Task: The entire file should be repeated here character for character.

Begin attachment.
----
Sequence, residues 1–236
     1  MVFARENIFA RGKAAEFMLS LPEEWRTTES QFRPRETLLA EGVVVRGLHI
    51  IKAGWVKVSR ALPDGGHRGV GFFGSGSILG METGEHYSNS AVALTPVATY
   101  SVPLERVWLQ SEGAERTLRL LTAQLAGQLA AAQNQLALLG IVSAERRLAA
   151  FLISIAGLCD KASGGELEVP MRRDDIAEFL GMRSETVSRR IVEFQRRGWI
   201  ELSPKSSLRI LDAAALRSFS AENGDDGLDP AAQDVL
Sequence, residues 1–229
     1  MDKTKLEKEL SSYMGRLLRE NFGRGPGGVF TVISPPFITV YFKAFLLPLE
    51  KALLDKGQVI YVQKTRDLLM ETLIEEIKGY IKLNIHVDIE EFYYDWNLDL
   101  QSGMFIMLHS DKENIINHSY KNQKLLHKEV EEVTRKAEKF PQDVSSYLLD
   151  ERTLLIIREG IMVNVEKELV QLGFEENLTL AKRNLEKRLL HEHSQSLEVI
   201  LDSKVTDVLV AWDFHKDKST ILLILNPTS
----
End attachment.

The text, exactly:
Sequence, residues 1–236
     1  MVFARENIFA RGKAAEFMLS LPEEWRTTES QFRPRETLLA EGVVVRGLHI
    51  IKAGWVKVSR ALPDGGHRGV GFFGSGSILG METGEHYSNS AVALTPVATY
   101  SVPLERVWLQ SEGAERTLRL LTAQLAGQLA AAQNQLALLG IVSAERRLAA
   151  FLISIAGLCD KASGGELEVP MRRDDIAEFL GMRSETVSRR IVEFQRRGWI
   201  ELSPKSSLRI LDAAALRSFS AENGDDGLDP AAQDVL
Sequence, residues 1–229
     1  MDKTKLEKEL SSYMGRLLRE NFGRGPGGVF TVISPPFITV YFKAFLLPLE
    51  KALLDKGQVI YVQKTRDLLM ETLIEEIKGY IKLNIHVDIE EFYYDWNLDL
   101  QSGMFIMLHS DKENIINHSY KNQKLLHKEV EEVTRKAEKF PQDVSSYLLD
   151  ERTLLIIREG IMVNVEKELV QLGFEENLTL AKRNLEKRLL HEHSQSLEVI
   201  LDSKVTDVLV AWDFHKDKST ILLILNPTS